5. At least 50% of respiratory cultures from the time of the first MRSA culture (in the last two years) have been positive for MRSA. 6. FEV1 > 30% of predicted normal for age, gender, and height at Screening. 7. Females of childbearing potential must agree to practice one highly effective method of birth control, including abstinence. Note: highly effective methods of birth control are those, alone or in combination, that result in a failure rate less than 1% per year when used consistently and correctly. Female patients who utilize hormonal contraceptives as a birth control method must have used the same method for at least 3 months before study dosing. If the patient is using a hormonal form of contraception, patients will be required to also use barrier contraceptives as rifampin can affect the reliability of hormone therapy. Barrier contraceptives such as male condom or diaphragm are acceptable if used in combination with spermicides Exclusion Criteria: 1. An acute upper or lower respiratory infection, pulmonary exacerbation, or change in routine therapy (including antibiotics) for pulmonary disease within 42 days of the Day 1 Visit (2 weeks prior to Screening visit). 2. Individuals on chronic continuous inhaled antibiotics without interruption who are not willing to substitute vancomycin or placebo for their scheduled inhaled antibiotic during days 0-28 of the study (every other month inhaled antibiotics are acceptable) 3. Use of oral or inhaled anti-MRSA drugs within two weeks of the Screening Visit. 4. History of intolerance to inhaled vancomycin or inhaled albuterol. 5. History of intolerance to rifampin or both TMP/SMX and doxycycline. 6. Resistance to rifampin or both TMP/SMX and doxycycline at Screening. 7. Resistance to vancomycin at Screening. 8. Abnormal renal function, defined as creatinine clearance < 50 mL/min using the Cockcroft-Gault equation for adults or Schwartz equation in children, at Screening. 9. Abnormal liver function, defined as ≥ 3x upper limit of normal (ULN), of serum aspartate transaminase (AST) or serum alanine transaminase (ALT), or known cirrhosis. at the time of Screening. 10. Serum hematology or chemistry results which in the judgment of the investigator would interfere with completion of the study. 11. History of or listed for solid organ or hematological transplantation 12. History of sputum culture with non-tuberculous Mycobacteria in the last 6 months. 13. History of sputum culture with Burkholderia Cepacia in the last year. 14. Planned continuous use of soft contact lenses while taking rifampin and no access to glasses. 15. Current use of oral corticosteroids in doses exceeding the equivalent of 10 mg prednisone a day or 20 mg prednisone every other day 16. Taking voriconazole and unable to discontinue its use from Run-in Visit to Day 29 End of Treatment Visit. 17. Administration of any investigational drug or device within 28 days of Screening or within 6 half-lives of the investigational drug (whichever is longer). 18. Patients on inhaled antibiotics must have been on the same regimen for the 4 months prior to screening 19. Female patients of childbearing potential who are pregnant or lactating, or plan on becoming pregnant 20. Any serious or active medical or psychiatric illness, which in the opinion of the investigator, would interfere with patient treatment, assessment, or adherence to the protocol.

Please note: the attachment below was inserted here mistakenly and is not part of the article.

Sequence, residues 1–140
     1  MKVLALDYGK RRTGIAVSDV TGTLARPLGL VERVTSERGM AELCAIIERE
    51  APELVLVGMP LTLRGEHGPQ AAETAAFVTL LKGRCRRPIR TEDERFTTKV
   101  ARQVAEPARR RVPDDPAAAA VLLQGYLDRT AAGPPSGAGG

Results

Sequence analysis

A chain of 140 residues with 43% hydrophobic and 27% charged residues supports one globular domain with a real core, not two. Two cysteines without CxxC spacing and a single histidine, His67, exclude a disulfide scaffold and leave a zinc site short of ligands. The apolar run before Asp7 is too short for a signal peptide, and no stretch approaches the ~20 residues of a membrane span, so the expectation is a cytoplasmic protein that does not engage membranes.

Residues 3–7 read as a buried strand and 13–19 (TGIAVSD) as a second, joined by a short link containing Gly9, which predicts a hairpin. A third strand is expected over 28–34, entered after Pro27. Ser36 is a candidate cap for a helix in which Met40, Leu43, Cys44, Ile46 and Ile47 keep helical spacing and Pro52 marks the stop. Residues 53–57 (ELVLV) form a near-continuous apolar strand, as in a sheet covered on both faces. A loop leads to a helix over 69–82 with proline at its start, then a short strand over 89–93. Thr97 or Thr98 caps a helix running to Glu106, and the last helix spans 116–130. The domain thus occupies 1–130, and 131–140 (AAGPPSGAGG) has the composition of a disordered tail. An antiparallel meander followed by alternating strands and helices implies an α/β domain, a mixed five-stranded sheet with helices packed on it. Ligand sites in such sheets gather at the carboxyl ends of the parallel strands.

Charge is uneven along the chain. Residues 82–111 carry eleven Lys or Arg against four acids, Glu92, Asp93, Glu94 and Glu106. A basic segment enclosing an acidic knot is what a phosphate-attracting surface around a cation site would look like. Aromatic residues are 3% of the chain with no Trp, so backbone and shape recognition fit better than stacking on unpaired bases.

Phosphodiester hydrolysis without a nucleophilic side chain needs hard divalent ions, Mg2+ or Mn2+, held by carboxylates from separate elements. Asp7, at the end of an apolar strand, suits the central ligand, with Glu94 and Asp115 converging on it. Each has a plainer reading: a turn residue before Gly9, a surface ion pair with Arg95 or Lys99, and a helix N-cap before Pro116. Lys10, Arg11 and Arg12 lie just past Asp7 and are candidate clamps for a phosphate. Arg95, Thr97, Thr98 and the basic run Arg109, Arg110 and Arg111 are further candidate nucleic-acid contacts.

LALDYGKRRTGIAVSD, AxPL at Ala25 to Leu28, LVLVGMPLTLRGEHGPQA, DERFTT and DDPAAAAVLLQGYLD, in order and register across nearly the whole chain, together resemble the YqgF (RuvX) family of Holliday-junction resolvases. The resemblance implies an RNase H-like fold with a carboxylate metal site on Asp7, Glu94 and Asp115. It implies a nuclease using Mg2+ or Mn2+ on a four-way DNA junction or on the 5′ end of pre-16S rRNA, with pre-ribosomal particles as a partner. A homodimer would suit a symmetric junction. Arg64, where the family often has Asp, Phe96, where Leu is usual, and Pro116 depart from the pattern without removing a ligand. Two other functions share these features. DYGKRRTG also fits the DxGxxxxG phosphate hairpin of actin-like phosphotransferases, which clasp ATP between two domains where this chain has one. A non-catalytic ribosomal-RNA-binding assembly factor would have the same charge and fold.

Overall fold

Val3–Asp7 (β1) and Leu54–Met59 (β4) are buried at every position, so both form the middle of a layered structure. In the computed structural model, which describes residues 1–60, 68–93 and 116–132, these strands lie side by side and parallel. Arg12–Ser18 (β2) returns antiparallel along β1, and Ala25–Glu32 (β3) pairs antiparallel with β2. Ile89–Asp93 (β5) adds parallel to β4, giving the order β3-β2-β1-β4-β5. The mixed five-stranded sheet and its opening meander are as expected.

Locations and Contacts